Monday, January 6

PHOTO: Jack Fleck Warming Up Before 18-Hole Playoff With Ben Hogan at the 1955 U.S. Open

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HERE'S A FAVORITE PICTURE of Jack Fleck (1921-2014), who I wrote about in my 2012 book THE LONGEST SHOT.

This is moments before the start of an 18-hole playoff with four-time U.S. Open champion Ben Hogan to decide the 1955 U.S. Open. During warm-up, Jack liked to hit a few shots with the short and long clubs, focusing on tempo.

One of the most remarkable things Jack told me in our seven-year relationship (that became a friendship) was that he wasn't afraid of playing Ben Hogan, head to head. I asked him about this on numerous occasions. If anything, it was an honor for Jack to face Hogan, because Hogan was his idol.

But, no, Jack wasn't nervous or afraid. He was a confident ball-striker and tended to play his best on tough golf courses.

For one week in June 1955, Fleck played sublime golf on a brutal, rough-infested layout, the Olympic Club in San Francisco. He even putted well (his persistent weakness).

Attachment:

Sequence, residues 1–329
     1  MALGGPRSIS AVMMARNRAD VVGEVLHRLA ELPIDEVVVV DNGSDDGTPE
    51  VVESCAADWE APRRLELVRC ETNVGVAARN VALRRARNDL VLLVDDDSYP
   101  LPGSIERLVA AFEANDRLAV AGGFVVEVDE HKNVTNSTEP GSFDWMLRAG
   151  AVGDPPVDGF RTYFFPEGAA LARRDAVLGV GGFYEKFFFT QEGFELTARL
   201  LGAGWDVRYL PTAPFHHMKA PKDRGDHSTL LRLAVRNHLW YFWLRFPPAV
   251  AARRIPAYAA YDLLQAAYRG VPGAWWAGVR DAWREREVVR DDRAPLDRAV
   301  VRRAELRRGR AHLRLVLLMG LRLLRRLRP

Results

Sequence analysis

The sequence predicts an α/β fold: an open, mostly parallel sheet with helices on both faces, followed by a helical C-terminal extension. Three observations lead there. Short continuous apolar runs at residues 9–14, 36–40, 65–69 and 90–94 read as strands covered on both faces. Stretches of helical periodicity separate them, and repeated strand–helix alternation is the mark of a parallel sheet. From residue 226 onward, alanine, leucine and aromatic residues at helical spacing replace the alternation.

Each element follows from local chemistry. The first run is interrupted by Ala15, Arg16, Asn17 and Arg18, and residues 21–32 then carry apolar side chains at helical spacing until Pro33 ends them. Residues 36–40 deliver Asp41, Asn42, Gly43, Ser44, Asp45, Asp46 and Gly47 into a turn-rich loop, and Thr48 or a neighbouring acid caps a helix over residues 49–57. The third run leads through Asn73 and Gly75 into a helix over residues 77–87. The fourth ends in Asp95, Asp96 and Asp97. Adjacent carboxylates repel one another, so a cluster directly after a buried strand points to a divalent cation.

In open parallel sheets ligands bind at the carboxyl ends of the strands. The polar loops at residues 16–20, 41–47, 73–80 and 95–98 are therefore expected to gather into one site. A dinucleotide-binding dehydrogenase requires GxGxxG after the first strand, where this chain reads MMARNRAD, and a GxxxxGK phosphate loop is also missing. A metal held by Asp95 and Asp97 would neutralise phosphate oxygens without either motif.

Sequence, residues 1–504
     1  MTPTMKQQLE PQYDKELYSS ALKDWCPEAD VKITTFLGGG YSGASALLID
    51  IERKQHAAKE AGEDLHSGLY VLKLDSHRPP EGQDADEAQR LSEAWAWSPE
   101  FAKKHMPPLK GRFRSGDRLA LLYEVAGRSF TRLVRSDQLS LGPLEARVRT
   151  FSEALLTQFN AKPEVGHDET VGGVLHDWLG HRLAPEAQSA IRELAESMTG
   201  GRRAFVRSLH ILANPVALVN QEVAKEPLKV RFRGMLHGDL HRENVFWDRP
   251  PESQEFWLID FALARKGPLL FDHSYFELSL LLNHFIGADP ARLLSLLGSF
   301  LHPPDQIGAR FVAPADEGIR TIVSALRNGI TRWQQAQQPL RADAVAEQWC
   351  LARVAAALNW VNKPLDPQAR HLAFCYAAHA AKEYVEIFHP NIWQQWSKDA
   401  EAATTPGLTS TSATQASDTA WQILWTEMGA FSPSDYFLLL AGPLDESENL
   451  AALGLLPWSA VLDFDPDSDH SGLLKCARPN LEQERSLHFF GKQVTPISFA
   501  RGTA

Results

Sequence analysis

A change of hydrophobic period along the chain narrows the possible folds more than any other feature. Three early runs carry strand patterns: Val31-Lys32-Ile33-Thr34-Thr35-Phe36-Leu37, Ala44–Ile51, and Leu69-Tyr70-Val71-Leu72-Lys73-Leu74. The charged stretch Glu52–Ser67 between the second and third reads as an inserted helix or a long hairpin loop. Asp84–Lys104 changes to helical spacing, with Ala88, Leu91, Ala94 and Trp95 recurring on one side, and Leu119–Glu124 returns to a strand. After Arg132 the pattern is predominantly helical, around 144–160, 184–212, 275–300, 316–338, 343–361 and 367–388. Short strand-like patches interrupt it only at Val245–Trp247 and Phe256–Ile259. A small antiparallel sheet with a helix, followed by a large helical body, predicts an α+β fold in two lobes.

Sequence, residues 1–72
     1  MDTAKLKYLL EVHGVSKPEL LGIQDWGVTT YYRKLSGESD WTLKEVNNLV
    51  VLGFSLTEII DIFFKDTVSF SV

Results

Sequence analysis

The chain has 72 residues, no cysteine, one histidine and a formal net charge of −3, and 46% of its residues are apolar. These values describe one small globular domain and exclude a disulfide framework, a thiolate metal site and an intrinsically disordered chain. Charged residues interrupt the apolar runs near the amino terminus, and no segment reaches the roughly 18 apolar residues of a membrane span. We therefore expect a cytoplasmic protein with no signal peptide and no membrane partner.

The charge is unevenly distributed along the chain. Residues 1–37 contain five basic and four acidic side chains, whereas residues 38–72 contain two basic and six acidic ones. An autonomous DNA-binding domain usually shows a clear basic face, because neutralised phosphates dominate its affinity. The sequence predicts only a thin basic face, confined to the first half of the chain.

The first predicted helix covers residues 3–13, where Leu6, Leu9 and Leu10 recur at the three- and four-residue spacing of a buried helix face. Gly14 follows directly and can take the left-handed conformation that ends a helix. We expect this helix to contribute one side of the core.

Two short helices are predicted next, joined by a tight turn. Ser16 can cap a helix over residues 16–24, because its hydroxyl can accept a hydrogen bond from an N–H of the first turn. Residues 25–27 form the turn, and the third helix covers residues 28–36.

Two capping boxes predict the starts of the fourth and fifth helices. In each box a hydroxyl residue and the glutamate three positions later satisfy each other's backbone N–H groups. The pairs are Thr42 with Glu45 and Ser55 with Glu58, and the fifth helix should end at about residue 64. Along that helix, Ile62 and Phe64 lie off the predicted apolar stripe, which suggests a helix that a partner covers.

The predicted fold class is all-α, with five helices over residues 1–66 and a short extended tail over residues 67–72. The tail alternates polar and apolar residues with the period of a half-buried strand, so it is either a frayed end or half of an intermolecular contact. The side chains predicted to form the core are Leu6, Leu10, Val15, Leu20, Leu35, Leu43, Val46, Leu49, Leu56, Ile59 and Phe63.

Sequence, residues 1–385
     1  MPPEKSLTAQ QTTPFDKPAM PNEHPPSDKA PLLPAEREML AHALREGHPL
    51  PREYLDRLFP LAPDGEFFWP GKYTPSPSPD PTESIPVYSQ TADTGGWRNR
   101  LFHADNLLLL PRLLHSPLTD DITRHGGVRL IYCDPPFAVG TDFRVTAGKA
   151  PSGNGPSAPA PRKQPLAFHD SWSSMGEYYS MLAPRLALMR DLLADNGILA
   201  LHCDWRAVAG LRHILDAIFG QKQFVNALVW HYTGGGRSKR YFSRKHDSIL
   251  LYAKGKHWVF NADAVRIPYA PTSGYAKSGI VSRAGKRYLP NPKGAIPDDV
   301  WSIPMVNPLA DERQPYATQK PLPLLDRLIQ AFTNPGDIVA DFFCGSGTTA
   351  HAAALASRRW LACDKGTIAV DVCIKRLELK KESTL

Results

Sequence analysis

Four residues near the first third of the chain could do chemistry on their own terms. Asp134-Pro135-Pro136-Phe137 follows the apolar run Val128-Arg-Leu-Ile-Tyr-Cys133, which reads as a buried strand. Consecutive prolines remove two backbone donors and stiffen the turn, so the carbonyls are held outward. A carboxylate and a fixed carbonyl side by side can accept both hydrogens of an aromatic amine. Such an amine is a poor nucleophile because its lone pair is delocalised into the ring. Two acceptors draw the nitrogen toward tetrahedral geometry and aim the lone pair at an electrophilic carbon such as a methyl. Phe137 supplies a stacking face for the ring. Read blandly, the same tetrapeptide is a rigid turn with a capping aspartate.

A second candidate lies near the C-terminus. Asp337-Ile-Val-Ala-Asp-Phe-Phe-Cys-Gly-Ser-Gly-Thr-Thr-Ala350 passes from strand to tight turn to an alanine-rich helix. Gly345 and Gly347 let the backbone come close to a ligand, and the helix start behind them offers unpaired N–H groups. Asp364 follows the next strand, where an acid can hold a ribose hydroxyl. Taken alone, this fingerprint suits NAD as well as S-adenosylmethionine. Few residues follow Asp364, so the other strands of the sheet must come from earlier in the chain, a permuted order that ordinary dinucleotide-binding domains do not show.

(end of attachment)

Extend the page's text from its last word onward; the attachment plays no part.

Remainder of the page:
The virtually unknown Fleck stunned the great Hogan (and the wider world) with a three-shot victory in that playoff, still one of the greatest upsets in golf and sports.

It changed Jack's life, a lot of it good and some bad. I had the privilege to learn all about it during multiple conversations over several years. Now, as the years fly by, it's sometimes hard to believe I had that incredible opportunity.

1 comment:

Ed Tallach said...

I also had the distinct privileged of first serving as a caddie for Jack Fleck in the twilight of his career and then as a companion and adviser thru the end of Jack's life. He shared with me in detail all the highs and lows of his career and life in long conversations during our travels and stays at the USGA, R&A, Senior PGA Tour and Grand Champion events. Neil came into his life at an opportune time for Jack and rekindled a new interest in this much misunderstood and very kind and compassionate champion. He afforded me the opportunity to meet and socialize with the heroes of my youth as if a dream come true. Rest in peace dear Jack and share with those above of your great 1955 U.S. Open win and how the Lord himself spoke to you in that modest motel room in San Francisco. ED TALLACH HOT SPRINGS, ARKANSAS